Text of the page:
Obviously a book written by a practitioner, not a theorist, The Circle Maker is filled with insights that come from practice, as well as from pastoring people who are dealing with the real stuff of life as they are learning to pray. I’ve seen so many of these played out in the people I pastor! Here are just a few of the ones that struck me:

The importance of praying specifically: Often our prayers are so general, and so vague, that we have no idea if God has answered them or not. And, “we never know if the answers were the result of specific prayer or general coincidences that would have happened anyway”—so God doesn’t really receive the glory. And honestly, our faith that prayer makes a difference is actually undermined.

The importance of taking risks, and being willing to look foolish: You cannot build God’s reputation if you aren’t willing to risk yours. This is one of those truths I hate—I really don’t want to risk my reputation! But I have seen that that is the only way to position yourself for a miracle of any kind.

The blessings of God won’t just bless you; they will also complicate your life. Sin will complicate your life in negative ways. The blessings of God will complicate your life in positive ways. This is certainly true to my experience, but I think most of us aren’t clear on that. We somehow think God’s blessings should make our life easier—that it means everything will work out with no effort or stress on our part. And because we don’t understand that, we often miss out on giving thanks or even really embracing what God is doing. It’s a pernicious lie that the evidence of God’s favor is a stress-free, simple life.

One of the things that shows that this is written by a practitioner is the way unanswered prayers are addressed. “The hardest thing about praying hard is enduring unanswered prayers. If you don’t guard your heart, unresolved anger toward God can undermine faith.” I think every pastor has had to deal with people whose faith has been undermined because God didn’t answer their prayer, or answer it in the way they wanted. And then they became angry, or hurt, or cynical, and often turned away from God. It’s sad, but not uncommon.

As pastors we have to be able to deal with that—to give an answer, or a perspective, that makes sense and can help people over the hump.

I’m challenged to pray bigger prayers, and persist in them. What was your reaction to The Circle Maker? Share your thoughts—I’d love to hear them.


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Captivology

March 27, 2017 in Pastor's Perspective
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Captivology was a challenging book for me. On the one hand, I totally agree with the premise of the book—that we should be aware of the things that capture people’s attention, and use those things to get our message across. I think that’s what good speakers, and good leaders, naturally do.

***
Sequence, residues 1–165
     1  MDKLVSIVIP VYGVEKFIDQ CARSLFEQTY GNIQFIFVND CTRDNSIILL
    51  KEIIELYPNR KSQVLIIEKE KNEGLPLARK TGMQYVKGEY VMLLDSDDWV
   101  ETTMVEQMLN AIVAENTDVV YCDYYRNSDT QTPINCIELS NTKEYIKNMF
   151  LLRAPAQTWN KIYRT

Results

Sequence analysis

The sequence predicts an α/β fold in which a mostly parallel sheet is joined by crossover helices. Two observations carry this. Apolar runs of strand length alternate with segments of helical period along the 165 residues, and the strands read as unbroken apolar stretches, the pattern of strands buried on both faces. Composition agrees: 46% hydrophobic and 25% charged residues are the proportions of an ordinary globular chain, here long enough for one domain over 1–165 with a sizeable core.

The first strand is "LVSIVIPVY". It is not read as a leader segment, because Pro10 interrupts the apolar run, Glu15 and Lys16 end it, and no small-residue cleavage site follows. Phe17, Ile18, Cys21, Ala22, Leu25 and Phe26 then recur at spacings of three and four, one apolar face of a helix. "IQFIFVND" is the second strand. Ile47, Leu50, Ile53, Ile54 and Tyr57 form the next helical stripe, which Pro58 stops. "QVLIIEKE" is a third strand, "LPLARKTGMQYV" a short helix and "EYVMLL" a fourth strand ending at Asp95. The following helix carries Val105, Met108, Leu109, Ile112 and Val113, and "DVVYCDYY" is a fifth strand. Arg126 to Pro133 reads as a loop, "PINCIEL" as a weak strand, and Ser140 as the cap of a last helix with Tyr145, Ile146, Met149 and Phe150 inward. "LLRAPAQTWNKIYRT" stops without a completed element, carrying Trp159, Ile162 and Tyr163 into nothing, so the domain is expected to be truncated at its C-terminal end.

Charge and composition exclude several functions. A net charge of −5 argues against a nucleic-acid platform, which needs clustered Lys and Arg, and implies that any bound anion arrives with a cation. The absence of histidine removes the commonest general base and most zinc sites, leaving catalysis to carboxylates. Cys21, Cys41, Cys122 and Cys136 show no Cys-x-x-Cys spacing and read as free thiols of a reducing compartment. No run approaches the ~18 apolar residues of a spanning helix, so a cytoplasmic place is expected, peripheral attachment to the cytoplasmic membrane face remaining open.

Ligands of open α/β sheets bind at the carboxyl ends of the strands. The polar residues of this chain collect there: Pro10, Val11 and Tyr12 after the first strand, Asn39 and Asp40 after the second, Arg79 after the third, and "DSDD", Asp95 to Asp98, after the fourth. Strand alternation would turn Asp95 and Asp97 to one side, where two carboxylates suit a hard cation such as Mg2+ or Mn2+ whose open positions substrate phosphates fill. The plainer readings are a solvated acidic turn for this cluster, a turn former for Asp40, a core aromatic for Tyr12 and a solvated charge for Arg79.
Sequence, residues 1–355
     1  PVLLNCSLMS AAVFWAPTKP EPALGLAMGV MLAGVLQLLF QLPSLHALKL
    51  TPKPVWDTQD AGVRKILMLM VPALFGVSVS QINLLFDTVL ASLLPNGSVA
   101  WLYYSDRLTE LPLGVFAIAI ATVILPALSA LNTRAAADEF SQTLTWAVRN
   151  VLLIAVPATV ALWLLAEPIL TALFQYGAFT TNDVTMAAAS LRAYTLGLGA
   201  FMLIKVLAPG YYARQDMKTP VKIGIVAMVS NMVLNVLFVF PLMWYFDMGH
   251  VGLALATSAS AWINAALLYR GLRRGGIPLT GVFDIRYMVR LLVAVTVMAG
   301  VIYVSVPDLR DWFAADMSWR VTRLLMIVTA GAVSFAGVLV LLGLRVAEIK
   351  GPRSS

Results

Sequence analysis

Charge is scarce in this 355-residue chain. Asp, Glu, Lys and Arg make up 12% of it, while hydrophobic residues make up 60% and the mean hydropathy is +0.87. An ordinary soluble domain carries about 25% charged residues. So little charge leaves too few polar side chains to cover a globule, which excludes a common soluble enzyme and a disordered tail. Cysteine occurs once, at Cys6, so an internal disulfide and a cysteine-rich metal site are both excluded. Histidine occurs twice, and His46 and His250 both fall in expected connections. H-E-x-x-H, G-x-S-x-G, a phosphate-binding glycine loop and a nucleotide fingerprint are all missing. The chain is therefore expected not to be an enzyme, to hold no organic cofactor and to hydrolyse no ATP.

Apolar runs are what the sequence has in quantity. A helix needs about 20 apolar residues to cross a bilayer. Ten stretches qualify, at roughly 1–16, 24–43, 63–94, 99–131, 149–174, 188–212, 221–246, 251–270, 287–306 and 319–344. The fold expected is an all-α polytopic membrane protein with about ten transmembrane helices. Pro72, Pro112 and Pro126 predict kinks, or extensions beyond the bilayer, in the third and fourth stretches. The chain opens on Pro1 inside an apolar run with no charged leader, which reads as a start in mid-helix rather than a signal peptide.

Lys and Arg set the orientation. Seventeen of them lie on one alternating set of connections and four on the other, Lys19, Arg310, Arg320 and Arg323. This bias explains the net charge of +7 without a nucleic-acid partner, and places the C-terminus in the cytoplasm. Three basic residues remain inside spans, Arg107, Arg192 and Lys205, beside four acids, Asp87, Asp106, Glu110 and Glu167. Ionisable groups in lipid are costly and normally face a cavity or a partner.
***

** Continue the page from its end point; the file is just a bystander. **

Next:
On the other hand, I am also very aware of how those things can be used to manipulate people. Honestly, there is nothing that can be done about that; I can’t control what other people do. But I can seek to be wise, and act with integrity, in my own use.

It was interesting to me that there are different things that capture people’s short or long-range attention. (more…)

The Ideal Team Player

March 13, 2017 in Pastor's Perspective
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I can’t remember ever having a conversation with a pastor on the topic of building teams. I’ve had lots of conversations about hiring staff, and recruiting volunteers, but not any about putting together a great team, and what is needed for that to happen.

The Ideal Team Player touches on some helpful aspects of that topic. Lencioni really focuses in on character qualities, as opposed to focusing on skills or talents. Not the traditional ones you will find churches talking about, like the character qualities needed to be an elder, but the ones that make someone a good team player. They are different. You can be a person of good character—honest, devout, faithful to your spouse, etc.—and not be a good team player. (more…)

Saving Time or Spending Time?

February 28, 2017 in Leaders Tips Videos
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Focusing on saving time isn’t the best way to manage your time. Here’s a better approach.

Video Transcript

This week’s Leaders Tip is about time management. Most of us when we approach time management think of it from a standpoint of “How can I save time? How can I get things done faster or cut corners so that at the end of the day I’ve got time left for other things I want to do?” (more…)

The Most Excellent Way to Lead

February 27, 2017 in Pastor's Perspective
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I really enjoyed The Most Excellent Way to Lead, mostly because it brings a fresh approach to looking at leadership. That’s ironic, because talking about love shouldn’t be unusual. But in terms of leadership, it’s seldom a focus. I can remember maybe 2-3 books that touch on this in some way, but that’s about it.

Noble really gets at the heart of leadership, or maybe better to say, the heart of the leader. Especially in the church, a leader’s motivation above all should be love for his/her people. Unfortunately, even in the church our motivations can be for lesser reasons—ego, desire for power or attention, competition, etc. (more…)